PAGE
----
A man is independent, controlled, self-sufficient and values family above all else. Of course hard-times happen to every man, but the strong man knows how to handle their own issues. To bring someone else in to help with your problems may be necessary for some, but not for stable men.
If you agree with that first paragraph, I want to challenge you. It is likely unsurprising to you that men are less likely to seek therapy than women and are more likely to deny difficulties in their lives. In fact, men who adhere most closely to traditional male gender roles are the most likely to avoid therapy but they also have higher rates of depression, anxiety, relationship dissatisfaction and alcohol abuse compared to other men.
There is a certain nobility and honor to the traditional male gender roles that teach men they are the master’s of their own lives. The appeal of a persona that is self-sufficient and emotionally controlled is the carrot at the end of a stick in the never-ending quest for masculinity. But for many men, this quest leads to unaddressed emotional issues instead of strength.
When faced with the prospect of seeking therapy, many men are quick to judge themselves as being weak or overly dependent if they get help. This self-ridicule undercuts the assumption that a man should stay quiet about their stresses and when they feel overwhelmed. I believe this line of thinking is driven by a misunderstanding of therapy.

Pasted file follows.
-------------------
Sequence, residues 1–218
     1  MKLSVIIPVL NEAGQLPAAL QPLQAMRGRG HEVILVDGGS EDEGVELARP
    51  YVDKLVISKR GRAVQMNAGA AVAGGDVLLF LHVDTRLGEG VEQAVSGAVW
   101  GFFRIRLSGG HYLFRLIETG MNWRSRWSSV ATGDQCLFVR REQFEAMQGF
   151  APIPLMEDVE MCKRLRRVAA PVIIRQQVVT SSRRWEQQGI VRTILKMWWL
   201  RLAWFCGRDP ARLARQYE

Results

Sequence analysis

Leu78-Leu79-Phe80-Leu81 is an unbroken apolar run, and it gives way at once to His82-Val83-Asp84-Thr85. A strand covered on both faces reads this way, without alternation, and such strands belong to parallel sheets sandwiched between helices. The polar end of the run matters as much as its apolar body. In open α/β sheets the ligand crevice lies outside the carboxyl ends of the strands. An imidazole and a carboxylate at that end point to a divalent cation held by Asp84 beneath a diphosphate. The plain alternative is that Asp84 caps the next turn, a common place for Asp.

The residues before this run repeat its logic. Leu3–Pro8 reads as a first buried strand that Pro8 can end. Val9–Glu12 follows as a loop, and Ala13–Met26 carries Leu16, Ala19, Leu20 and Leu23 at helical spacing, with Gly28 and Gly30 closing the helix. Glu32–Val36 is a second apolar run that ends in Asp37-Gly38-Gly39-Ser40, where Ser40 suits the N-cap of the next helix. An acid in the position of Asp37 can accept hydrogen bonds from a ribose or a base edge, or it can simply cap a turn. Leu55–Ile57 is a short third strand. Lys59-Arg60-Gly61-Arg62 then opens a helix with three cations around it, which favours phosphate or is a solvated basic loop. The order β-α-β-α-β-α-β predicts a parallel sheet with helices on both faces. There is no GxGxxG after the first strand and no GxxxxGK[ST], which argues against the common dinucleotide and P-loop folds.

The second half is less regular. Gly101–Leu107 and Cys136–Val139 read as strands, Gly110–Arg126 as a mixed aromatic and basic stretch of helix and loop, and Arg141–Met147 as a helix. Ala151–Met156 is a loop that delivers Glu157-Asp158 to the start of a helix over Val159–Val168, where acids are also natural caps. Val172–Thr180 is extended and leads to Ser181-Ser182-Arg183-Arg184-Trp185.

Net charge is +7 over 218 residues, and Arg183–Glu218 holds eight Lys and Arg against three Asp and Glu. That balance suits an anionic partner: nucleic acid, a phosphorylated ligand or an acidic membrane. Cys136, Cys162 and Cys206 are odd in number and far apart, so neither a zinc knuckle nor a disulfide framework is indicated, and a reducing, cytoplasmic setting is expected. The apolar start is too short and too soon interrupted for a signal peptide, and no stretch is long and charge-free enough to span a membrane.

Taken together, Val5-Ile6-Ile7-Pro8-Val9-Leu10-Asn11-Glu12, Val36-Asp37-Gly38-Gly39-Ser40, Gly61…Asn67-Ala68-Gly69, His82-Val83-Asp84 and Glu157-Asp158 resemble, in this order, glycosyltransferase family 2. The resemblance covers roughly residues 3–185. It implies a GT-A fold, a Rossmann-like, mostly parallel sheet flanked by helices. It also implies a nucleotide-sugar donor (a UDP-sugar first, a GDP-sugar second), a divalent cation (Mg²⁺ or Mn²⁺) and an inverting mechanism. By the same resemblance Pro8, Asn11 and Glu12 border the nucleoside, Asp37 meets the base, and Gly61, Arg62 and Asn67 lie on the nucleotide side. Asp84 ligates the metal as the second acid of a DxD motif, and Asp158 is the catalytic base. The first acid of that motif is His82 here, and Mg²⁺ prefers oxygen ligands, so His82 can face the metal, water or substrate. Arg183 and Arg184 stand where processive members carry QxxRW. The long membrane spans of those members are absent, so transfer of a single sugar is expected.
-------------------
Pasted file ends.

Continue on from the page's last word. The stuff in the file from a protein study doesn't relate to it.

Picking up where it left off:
Therapy is still relatively new and it wasn’t until post world-war II that therapy for men became common. With anything new, it’s useful to consider the potential for a resistance to a changing world. Perhaps the first men that observed horse riding shunned the rider’s dependence on the horse for travel. Perhaps the emergence of the automobile led horse-riders to criticize its passenger’s softness. With technological advances and modern tools, tasks do become easier. While this may initially threaten masculinity of pioneers, it is those pioneers that pave the way for a more effective approach to life.
Maybe traditional gender roles has always pushed men to avoid getting help or making tasks easier. In this way, the men who refuse help are the ones left in the dust of progress. Therapy is not a crutch or a last ditch effort… it is a tool. Therapy is a means to living a valued life. Macho men may fear this tool for its threat to their self-reliance and emotional privacy, but brave men prioritize their values over a costly quest for masculinity.
At its core, therapy is a tool for focusing life towards values such as family, personal growth, love, and connection to others. If you are considering the use of this tool, go forward with confidence that you are deciding your life is more important than any societal image of an ideal man.